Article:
Back to Dents - Part 2

A few days after that, Stacy got into a car accident. It wasn't her fault.

In the parking lot at Taco Bell, a woman maneuvering her car in reverse banged into the driver's side door of Stacy's car.

Stacy's door was crushed inward, but luckily, it still worked.

The woman apologized profusely, and gave Stacy all of her insurance information... but she asked that Stacy not contact her insurance company, asking Stacy to simply send her the bill for the repairs.


I should have recommended L & A  Body & Frame in Sacramento, but Stacy took the car to her dealership, who recommended their own body shop. 

It took fifteen minutes for a guy at the body shop to calculate a price for the repairs, more than two thousand dollars.

Stacy called the woman and let her know the total. It was more money than she had expected, but was good to her word and sent Stacy a check for $2,150. That woman had made a small driving error which cost her a great sum of money.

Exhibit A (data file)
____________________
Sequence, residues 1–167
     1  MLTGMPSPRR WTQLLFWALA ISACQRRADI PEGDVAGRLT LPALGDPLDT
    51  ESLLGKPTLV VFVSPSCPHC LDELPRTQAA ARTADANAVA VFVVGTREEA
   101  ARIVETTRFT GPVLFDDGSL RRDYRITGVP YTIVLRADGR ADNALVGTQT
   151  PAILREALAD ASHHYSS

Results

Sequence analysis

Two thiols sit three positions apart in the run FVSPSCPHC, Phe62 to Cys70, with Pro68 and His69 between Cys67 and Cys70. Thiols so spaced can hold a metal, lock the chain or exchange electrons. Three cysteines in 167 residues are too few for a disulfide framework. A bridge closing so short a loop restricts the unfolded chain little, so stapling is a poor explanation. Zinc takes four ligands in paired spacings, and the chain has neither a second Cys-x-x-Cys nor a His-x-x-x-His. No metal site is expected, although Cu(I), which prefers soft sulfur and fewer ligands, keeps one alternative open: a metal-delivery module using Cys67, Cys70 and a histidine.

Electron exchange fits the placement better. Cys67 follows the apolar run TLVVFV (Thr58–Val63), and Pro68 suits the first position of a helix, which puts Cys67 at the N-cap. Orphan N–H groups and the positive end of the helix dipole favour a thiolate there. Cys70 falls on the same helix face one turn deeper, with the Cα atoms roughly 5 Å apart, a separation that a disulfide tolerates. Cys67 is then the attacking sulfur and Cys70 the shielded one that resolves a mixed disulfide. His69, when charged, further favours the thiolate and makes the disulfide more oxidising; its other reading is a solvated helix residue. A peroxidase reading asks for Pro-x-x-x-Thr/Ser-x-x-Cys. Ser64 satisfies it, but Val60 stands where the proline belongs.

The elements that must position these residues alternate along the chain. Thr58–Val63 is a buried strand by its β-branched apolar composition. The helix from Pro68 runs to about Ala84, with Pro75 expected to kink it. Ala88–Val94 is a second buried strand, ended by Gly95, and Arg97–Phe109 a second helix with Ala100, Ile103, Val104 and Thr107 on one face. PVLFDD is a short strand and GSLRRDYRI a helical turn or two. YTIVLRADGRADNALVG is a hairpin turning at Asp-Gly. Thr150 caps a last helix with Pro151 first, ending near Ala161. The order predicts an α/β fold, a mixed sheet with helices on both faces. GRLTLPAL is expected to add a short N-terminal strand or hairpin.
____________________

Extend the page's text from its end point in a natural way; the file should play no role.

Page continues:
It would be more fun to spend $2,150 on:
A first-class tattoo ($1,000)
a Tivo ($300)
and 41 days of eating all of your meals out ($850).

I was awestruck by the high price of repairing these three minor accidents. I believe the price of body work and paint is artificially high because there is no incentive to shop around for the lowest price. When insurance companies are paying the bill, people choose a body shop based on a reputation for quality and service instead of price.

I pledge to drive carefully, defensively and with close attention, because causing car accidents is one of the most expensive things a person can do.


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June 10th, 2004.  

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